|A NOBEL WINNER|
October 11, 2000
RAY SUAREZ: The award this year went for discoveries about how messages
move around the nervous system and help us understand the functioning
of the brain. Three scientists will share the nearly $1 million prize.
One of them is with us now. Paul Greengard is a neuroscientist who heads
the laboratory of molecular and cellular neuroscience at the Rockefeller
University in New York. Also joining us is Dr. Steve Hyman, director
of the National Institute of Mental Health.
PAUL GREENGARD: Thank you very much.
RAY SUAREZ: How did you hear about the award?
PAUL GREENGARD: About ten minutes past five this morning, the secretary of the Nobel Committee called to inform me I had been one of the recipients of this year's Nobel Prize in medicine. It was about 20 minutes... apparently in Sweden they announce at 11:30 in the morning, which is 5:30 Eastern Standard time. So they called to let the recipients know in advance of the deluge of telephone calls that come after the announcement of the prize.
RAY SUAREZ: It's kind of tough. Who do you wake up at 5:00 in the morning to let them know?
PAUL GREENGARD: Well, that's what my wife and I said: "Who in the heck is calling on the telephone at this time in the morning."
RAY SUAREZ: You've been recognized for your work in studying how brain cells communicate with each other. Maybe you could walk a layman through what you've been recognized for, what you've been working on all these years.
PAUL GREENGARD: Well, yes, we've been interested in how those nerve cells talk to each other. And when one nerve cell releases a chemical, this chemical, which is called a neurotransmitter, then regulates the activities of a second nerve cell. And we've been studying the biochemical machinery, if you will, the various components of the factory that responds to this chemical signal with an appropriate response.
RAY SUAREZ: And the things that you've been trying to find out helped move us where in understanding how the brain works?
PAUL GREENGARD: Well, one of the... there are many of these neurotransmitters, about 100. So I can give you a specific example. I think the prize recognizes a broader area, but this specific example illustrates the point. There's a neurotransmitter called dopamine. And abnormalities in dopamine signaling are implicated in several major neurological and psychiatric disorders, including schizophrenia, Parkinson's Disease, attention deficit hyperactivity disorder and drug abuse. And by elucidating the biochemical steps by which the dopamine produces its effects in its target neural cells, it's been possible to learn more about these diseases and to develop new targets for pharmaceutical industries to develop drugs that hopefully will have a better therapeutic action and fewer side effects.
RAY SUAREZ: One of your co- winners is Dr. Arvid Carlsson from Sweden. Tell us how his work meshes with yours. He also was working on dopamine, correct?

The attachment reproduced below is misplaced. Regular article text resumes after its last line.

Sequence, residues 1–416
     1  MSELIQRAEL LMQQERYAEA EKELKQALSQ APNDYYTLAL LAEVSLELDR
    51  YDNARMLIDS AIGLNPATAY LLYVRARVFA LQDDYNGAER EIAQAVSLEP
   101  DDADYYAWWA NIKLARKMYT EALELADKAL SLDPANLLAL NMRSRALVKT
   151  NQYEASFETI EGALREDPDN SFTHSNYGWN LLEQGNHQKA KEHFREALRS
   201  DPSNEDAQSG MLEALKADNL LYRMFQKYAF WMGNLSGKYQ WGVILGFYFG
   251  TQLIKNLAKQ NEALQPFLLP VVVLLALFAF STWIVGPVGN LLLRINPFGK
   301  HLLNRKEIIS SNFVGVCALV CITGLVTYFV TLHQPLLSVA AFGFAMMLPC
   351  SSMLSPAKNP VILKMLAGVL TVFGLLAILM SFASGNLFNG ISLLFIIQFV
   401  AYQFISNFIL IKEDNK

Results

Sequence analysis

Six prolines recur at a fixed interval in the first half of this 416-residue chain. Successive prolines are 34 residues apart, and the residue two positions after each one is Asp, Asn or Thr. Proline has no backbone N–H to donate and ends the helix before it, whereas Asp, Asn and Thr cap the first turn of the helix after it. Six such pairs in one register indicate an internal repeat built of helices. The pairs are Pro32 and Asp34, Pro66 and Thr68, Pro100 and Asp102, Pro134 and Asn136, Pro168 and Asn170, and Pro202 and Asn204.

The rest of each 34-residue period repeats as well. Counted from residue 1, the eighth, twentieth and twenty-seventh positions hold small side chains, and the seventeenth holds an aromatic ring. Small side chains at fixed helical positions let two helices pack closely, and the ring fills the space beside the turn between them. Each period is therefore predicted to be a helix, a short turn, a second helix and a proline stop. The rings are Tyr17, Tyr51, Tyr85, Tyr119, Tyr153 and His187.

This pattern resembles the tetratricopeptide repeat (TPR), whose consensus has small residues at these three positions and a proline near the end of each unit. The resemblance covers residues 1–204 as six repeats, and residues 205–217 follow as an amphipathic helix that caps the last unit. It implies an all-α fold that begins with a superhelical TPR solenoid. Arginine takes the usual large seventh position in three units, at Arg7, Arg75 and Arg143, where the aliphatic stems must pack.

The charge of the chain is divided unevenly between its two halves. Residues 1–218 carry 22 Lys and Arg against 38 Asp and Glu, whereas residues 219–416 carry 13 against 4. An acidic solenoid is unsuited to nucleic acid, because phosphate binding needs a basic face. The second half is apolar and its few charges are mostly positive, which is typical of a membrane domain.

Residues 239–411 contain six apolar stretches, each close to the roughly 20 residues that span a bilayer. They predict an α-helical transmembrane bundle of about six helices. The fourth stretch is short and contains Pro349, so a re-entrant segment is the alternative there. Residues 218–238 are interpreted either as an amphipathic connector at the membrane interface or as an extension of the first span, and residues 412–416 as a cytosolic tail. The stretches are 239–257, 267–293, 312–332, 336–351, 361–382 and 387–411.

PAUL GREENGARD: That's correct, yes. Dr. Carlsson had obtained very clear evidence a number of years ago that dopamine was involved in abnormalities in schizophrenia and Parkinson's Disease, and the work we did was to show how the details... the details of how dopamine produces these effects -- in other words, what's wrong in these diseases and what can be con to correct them.
RAY SUAREZ: Dr. Hyman, the third winner is Erik Kandel, also working in New York. Is there a thread that runs through all three winners that sort of connects them intellectually and what they've been working on?
DR. STEVEN E. HYMAN: Well, I think there really is a thread. The important thing about all of these discoveries is they taught us more about how nerve cells communicate with each other. And Dr. Carlsson's work showed us what happens, for example, if the brain lacks dopamine or something good in the case of schizophrenia, when you block dopamine with medications. But Drs. Greengard and Kandel have really helped take science to a new level of understanding the brain's complexity. You know, one of the important things that the brain has to do is to convert short-term stimulation or short-term experience into long-term changes in brain function. That's how we have memories. That's how a lot of drugs work. And those kinds of processes go along in disease. And Dr. Greengard really focused on an important switch. He didn't use the word "phosphorylation," but that's a critical switch that's used by lots and lots of cells, including nerve cells to make changes long-term, more permanent. And then Dr. Kandel showed how these kinds of changes modify the synaptic connections, the connections between nerve cells. And memory really requires that the connections between nerve cells be altered. That is the pattern of communication will be changed in short-term memories, from minutes to hours, and in long- term memories, for years or maybe even permanently.